Watch Kids' Reviews of
NO LIMIT KIDS: MUCH ADO ABOUT MIDDLE SCHOOL

What to know: A group of kids enter middle school with all their doubts and fears.
NO LIMIT KIDS: MUCH ADO ABOUT MIDDLE SCHOOL is in the KIDS FIRST! Film Festival - it may not be a regular, endorsed title
Recommended age 8-12
90 minutes
DVD
ELEVATING ENTERTAINMENT LLC
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NO LIMIT KIDS: MUCH ADO ABOUT MIDDLE SCHOOL cover image
Good story, well made, great singing. There are some holes in the storyline but it's still an enjoyable film that kids will relate to. Ashton addresses the audience in the opening scene and speaks directly to them about the issues of middle school that will become rolled out in the storyline. The kids look like real kids, not like romanticized versions of them. The message that judging people frequently leads you to the wrong conclusion is an appropriate one. The singing and dancing are most enjoyable. Every scene contributes to the story.
A group of kids enter middle school with all their doubts and fears. Ashton, a semi-outcast routinely gets bullied by the star-football player Zach (Blake Michael). Ashton (Ashton Harrell), whose philosophy is to lay low and attract as little attention as possible. Celeste (Celeste Kellogg), a cheerleader who doesn't want to make herself popular at the expense of others. Danielle (Danielle Hill) believes that Celeste is trying to steal her boyfriend and takes revenge by casting her out of her clique. Celeste's friend Becca (Amanda Waters) stands up for her and the three band together to form a club in an abandoned theater on Main Street.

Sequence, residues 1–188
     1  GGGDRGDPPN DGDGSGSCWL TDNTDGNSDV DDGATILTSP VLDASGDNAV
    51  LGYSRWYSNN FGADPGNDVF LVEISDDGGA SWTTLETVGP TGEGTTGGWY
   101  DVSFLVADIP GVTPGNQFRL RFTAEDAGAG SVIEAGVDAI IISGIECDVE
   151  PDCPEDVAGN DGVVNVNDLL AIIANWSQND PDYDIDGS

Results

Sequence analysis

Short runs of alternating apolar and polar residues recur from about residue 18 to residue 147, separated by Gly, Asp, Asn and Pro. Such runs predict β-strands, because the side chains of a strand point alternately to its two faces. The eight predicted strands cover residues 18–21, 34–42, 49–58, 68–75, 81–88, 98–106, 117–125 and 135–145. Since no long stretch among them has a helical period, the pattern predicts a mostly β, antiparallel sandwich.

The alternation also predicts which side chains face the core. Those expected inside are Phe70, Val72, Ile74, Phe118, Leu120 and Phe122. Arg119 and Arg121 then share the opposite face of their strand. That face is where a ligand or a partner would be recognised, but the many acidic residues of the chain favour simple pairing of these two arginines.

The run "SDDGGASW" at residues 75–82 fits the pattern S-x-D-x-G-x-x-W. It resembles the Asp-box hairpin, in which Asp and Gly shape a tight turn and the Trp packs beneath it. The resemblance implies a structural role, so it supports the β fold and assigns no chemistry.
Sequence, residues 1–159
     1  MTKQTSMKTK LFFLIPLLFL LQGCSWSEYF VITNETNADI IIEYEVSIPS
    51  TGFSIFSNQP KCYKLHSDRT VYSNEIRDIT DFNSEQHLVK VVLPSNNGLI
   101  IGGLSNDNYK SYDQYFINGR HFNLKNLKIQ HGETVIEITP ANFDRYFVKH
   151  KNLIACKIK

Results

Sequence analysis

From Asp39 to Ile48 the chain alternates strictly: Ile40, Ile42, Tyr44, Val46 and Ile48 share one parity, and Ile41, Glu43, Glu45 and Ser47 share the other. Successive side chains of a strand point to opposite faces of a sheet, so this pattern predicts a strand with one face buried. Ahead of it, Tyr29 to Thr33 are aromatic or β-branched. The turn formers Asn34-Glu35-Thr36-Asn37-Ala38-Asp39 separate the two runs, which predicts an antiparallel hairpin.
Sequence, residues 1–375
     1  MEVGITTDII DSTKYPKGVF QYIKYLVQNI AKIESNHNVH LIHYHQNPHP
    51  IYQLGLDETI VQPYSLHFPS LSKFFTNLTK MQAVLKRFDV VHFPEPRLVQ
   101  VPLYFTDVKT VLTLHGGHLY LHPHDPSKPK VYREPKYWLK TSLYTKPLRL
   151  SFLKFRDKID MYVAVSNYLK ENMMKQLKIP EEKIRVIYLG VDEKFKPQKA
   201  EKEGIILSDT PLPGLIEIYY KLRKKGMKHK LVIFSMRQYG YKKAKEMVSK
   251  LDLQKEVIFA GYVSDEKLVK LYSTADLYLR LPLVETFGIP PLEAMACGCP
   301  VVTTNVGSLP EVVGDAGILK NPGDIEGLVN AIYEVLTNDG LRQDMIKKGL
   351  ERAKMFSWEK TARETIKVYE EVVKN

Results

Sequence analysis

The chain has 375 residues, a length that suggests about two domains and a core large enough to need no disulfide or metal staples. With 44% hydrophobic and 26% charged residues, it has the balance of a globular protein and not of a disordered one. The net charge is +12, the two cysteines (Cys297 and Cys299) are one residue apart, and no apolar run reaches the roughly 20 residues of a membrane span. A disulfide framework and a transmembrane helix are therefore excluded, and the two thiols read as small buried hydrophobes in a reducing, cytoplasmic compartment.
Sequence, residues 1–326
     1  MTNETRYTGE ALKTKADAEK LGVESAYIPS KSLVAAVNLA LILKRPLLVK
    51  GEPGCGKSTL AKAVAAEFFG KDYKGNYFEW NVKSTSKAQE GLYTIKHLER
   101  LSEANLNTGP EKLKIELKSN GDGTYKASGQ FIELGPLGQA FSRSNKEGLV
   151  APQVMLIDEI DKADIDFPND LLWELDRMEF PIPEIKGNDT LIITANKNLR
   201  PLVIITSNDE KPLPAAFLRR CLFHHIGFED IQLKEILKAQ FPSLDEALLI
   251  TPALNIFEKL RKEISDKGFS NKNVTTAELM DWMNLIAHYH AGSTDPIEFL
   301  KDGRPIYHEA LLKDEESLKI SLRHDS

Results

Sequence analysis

Inside the theater, they find a very interesting piece of their town's history and a seemingly homeless man, Charlie (Bill Cobbs). He connects with the kids because of his own "outcast" status and his shared love of musical theater. The kids learn that the old theater will soon be torn down and set out on a mission to save the town's landmark. They decide to do a modern day version of Shakespeare's "Much Ado About Nothing." Through mistaken identities and false assumptions, the kids learn a valuable lesson that you can't always judge a book by it's cover. Starring Bill Cobbs, Lee Meriwether, Celeste Kellogg and Ashton Harrell.
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